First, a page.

Besides these festivals, many “moussems” are organized in every region. These celebrations involve dances, fantasias and chants. Women and men wear their best dress for these annual festivals often linked to the harvest or local legend:
> In May: Moussem of Roses in Kelaa M’Gouna in the Dades Valley, the appropriately named Valley of Roses. It celebrates Morocco’s famous and very fragrant little rose. On the agenda: folklore, artisanal exhibits, and the election of that year’s « Miss Rose”.
> In June: Cherry Moussem at Sefrou: for the three days the festival lasts, sports tournaments, a fantasia, a night-time lantern procession and, of course, the election of « Miss Cerisette”.
> In October: The Date Moussem at Erfoud. The date harvest is an occasion to celebrate with friends and family and many colours!
> In September: Engagement Moussem at Imilchil: This little High Atlas village north west of Errachidia retains an ancestral tradition: the region’s young couples get married every year during the moussem. This custom is born of legend: a romantic saga between two Berbers Issli and Tisslit from different warring tribes. For three days young women looking for husbands dance for hours wearing their best accessories. Quite an impressive and fascinating show!
What is a méharée?
This is a trip taken on the back of a camel, and it is ideal for a relaxed first encounter with the desert as a family. Everyone has their own saddled camel independent of the camels that carry the luggage, equipment and food. You sit in front of the camel’s hump. Our camel’s are well-trained and the saddle is equipped with a sort of metallic pommel that you can hold on to; a reassuring tool for beginners and children. Your guide will teach you the basics for how how to ride and lead the camel, and, if you pick it up quickly, you will be able to be detached from the rest of the group.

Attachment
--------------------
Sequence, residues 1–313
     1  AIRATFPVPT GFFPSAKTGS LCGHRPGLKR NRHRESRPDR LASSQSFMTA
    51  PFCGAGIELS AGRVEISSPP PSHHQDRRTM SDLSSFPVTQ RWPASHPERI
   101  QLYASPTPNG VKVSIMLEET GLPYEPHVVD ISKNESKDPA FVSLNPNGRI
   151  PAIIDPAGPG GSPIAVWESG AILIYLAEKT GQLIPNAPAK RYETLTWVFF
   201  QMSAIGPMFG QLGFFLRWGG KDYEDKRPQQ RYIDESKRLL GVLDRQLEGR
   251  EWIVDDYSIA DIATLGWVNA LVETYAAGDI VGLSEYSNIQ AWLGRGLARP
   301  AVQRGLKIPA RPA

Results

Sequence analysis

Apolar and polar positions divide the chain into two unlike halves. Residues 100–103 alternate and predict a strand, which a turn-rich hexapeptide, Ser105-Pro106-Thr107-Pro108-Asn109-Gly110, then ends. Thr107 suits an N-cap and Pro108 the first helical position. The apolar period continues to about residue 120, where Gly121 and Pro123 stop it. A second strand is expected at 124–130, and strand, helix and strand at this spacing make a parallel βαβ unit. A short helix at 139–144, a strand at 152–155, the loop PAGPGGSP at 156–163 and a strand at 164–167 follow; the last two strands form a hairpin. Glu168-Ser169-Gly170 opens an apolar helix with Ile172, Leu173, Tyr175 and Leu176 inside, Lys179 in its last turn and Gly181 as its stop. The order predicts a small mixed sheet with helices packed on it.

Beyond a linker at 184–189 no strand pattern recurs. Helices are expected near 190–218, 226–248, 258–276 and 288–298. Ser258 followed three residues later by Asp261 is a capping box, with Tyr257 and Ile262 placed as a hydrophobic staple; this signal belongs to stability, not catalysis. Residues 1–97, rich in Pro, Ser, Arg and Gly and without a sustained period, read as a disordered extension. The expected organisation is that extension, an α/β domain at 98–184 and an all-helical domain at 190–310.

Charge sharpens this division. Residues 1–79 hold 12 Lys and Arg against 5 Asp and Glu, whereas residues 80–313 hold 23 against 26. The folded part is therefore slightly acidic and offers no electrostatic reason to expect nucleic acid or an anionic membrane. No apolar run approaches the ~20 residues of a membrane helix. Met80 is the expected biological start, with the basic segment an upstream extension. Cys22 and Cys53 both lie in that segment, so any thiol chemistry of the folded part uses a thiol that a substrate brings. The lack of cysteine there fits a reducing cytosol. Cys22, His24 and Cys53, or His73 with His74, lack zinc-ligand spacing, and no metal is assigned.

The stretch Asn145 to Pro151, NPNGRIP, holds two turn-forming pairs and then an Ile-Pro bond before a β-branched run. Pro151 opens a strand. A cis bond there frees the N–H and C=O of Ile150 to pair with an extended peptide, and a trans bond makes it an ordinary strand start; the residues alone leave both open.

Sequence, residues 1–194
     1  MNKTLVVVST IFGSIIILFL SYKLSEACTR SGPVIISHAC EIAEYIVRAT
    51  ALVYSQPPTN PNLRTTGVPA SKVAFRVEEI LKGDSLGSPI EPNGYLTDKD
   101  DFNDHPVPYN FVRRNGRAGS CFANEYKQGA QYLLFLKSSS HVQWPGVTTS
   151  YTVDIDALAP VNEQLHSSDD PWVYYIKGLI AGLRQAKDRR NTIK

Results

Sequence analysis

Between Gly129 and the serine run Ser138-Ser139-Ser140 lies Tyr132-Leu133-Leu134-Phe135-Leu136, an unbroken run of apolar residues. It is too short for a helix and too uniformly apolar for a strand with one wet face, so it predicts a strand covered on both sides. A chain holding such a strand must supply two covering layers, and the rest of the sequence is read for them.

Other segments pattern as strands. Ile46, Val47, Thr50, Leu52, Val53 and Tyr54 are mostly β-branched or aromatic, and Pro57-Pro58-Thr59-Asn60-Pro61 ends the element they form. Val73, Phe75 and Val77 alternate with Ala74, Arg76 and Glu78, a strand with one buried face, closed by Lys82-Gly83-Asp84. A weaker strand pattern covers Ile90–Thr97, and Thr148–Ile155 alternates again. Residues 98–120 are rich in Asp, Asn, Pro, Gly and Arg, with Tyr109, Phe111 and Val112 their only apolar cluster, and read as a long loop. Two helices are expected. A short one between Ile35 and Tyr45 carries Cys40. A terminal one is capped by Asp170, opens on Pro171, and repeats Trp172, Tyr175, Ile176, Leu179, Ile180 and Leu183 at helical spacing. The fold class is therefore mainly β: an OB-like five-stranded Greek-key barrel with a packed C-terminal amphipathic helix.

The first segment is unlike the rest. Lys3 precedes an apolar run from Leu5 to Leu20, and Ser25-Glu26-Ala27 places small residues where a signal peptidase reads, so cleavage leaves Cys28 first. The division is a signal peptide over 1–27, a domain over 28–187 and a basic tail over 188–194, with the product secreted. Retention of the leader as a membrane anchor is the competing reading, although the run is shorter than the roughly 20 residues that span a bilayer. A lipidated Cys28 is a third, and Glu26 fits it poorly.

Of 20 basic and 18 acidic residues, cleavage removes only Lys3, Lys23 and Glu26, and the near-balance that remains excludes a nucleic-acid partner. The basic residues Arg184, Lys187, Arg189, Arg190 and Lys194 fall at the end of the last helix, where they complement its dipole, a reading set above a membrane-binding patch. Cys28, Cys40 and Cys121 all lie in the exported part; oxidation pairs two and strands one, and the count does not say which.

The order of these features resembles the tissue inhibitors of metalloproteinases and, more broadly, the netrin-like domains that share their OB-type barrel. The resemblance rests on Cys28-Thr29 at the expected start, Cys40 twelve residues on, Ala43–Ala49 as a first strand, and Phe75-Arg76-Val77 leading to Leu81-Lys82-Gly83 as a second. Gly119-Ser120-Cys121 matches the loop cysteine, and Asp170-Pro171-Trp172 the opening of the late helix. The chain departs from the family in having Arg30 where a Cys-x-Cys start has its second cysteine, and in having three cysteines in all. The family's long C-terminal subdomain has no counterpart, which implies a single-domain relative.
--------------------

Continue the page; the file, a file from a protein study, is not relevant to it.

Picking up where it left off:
Camel drivers generally walk along on foot. A camel safari does not entail riding your camel from the first thing in the morning to the end of the day, but, on the contrary, to alternate hiking, leading the camel on foot and riding. Generally during caravans men are walking.
What precautions to take if travelling with children?
For Morocco’s family vacationI in the mountain, on the beach or, and especially, in the desert, the most important thing is to protect children from sun exposure. UV rays reach the earth a bit more vertically than in northern latitudes under a usually cloudless sky, that hits very hard even in moderate temperatures, making it easy to get sunburns if you’re not careful.
For children and adults, long pants and shirts with long sleeves that cover your hands are ideal for tours on camels or mules or walking, even if it is hot. You’ll get back in your shorts and tee-shirt in the afternoon when you get to your bivouac site.
Don’t forget a wide brimmed hat that will cover your entire face and sunglasses. During childhood, the crystallin in the eye is very clear and young corneas can get burnt very quickly
Of course, bring sunscreen with a high SPF and maybe even a protective chap stick as well. If all this doesn’t do the trick and someone still gets burned, bring a soothing cream (Biafine) to apply on the affected area.
Finally, equip children with a canteen with a cord to go around their necks so that they can be somewhat independent when it comes to water.